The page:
Home loan hurdles for the mature and self-employed | Fin24

Home loan hurdles for the mature and self-employed

Nov 10 2015 10:28
Glenda Williams

First-time homebuyers might be finding it easier than it once was to secure a home loan, but the same cannot be said for the mature or self-employed.

It is no easy task getting a home loan for those that fall into either of these two categories, and even more difficult if the unfortunate applicant happens to fall into both.

Preparation of home loan documentation requirements aside, these applicants can look forward to a significantly higher burden of documentation and a prolonged application process, unfortunately.

The age factor 

For the mature − those in their fifties or older − the process could be far more difficult than they might have imagined.

The reason? Home loans normally run over a 20-year period with the term of the loan needing to expire at, or not long after, retirement. That’s to enable the homeowner to pay an amount that is comfortably within their disposable income, an income that is generally considerably reduced after retirement.

Where it is not possible to grant a 20-year loan due to the applicant’s age, the loan term is shortened and the repayment amount becomes significantly larger. To combat this, a higher deposit is more often than not required.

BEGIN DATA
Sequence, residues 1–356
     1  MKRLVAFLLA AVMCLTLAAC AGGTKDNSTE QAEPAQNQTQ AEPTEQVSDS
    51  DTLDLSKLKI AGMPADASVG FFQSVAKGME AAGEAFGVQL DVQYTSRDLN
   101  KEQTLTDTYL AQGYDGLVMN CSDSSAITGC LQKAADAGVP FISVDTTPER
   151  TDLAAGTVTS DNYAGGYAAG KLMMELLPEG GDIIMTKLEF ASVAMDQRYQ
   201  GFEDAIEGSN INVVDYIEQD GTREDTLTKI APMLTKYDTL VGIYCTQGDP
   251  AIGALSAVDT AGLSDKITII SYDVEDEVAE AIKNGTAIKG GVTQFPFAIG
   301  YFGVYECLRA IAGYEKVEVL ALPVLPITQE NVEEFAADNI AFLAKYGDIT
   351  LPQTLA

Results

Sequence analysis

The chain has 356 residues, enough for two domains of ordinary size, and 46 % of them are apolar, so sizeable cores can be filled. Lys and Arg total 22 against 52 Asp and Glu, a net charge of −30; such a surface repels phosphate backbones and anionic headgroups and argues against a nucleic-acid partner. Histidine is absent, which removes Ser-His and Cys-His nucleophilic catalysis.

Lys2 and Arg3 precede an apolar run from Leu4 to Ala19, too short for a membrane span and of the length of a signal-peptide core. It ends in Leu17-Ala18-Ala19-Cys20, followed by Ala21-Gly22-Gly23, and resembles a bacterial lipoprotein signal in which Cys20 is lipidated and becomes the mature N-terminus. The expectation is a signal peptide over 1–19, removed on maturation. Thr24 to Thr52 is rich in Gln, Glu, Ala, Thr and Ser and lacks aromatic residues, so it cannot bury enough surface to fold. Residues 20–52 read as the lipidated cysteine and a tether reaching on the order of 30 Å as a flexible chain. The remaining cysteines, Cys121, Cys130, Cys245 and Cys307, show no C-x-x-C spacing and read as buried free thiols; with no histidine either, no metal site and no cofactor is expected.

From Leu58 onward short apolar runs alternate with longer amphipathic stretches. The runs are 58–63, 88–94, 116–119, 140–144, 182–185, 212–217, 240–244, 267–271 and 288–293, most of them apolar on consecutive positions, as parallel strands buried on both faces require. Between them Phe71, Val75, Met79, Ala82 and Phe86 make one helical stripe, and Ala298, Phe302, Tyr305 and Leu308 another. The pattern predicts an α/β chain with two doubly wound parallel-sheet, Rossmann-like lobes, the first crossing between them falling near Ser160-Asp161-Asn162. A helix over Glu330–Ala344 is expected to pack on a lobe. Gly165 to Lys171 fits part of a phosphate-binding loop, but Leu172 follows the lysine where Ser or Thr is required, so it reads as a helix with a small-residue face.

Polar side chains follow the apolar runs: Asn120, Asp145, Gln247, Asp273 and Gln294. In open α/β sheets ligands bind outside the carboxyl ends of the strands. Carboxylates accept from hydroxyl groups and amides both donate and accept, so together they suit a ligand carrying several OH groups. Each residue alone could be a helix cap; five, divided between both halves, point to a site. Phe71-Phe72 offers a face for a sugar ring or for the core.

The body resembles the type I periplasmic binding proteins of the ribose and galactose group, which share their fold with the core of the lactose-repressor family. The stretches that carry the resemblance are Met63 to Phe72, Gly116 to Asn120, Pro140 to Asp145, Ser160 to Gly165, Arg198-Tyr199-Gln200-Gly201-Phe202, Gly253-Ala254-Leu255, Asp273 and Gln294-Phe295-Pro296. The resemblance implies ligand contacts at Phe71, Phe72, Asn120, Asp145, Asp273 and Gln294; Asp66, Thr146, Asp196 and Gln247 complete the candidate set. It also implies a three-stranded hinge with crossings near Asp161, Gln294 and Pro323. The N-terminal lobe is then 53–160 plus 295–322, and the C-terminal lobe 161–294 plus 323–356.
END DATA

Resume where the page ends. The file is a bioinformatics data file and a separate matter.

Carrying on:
While application cut-off age varies from bank to bank (some, like Absa and Investec, don’t have a specific age limit), at FNB that age is 65 and the bank’s policy requires the loan to be settled by age 75.

“Mature home loan applicants are typically able to put down much greater deposits than newer entrants to the property market. This usually puts them in good stead in terms of the likelihood of being approved for a home loan. Provided that they have managed to maintain a good credit record, they should also typically benefit in terms of this given their longer term track record,” Tommy Nel, head of credit at FNB home loans, tells finweek.

“Consumers, however, have to carefully consider taking on large debt commitments, without being fairly certain that they will continue to be able to remain employed until retirement age,” adds Nel.

Explains Ewald Kellerman, head: customer interaction, Absa Home Loans: “The sustainability of income to afford a loan for the duration is one of the most important measures that needs to be considered.”

He adds: “This may require the term of the loan to be reduced in accordance with the ability of the customer to generate sustainable income. By limiting the term of the loan to a maximum age, we ensure that the customer does not get into a position where he has a responsibility of instalments without the means to afford them if his/her financial situation changes due to their life stage.”

Point is, if you are approaching the ‘mature’ category, don’t put your home loan application on the backburner even if you have intentions of working past retirement. There is no box to tick for this.

Should you happen to fall into both categories, expect an onerous amount of documentation; you will probably be asked to provide a significantly larger than normal deposit – probably 25% or more – over a reduced term, with possibly higher repayments.

The self-employed factor 

If you fall into this bracket, which ostensibly can mean you freelance, undertake contract work or run your own business, look forward to being put through a series of hoops.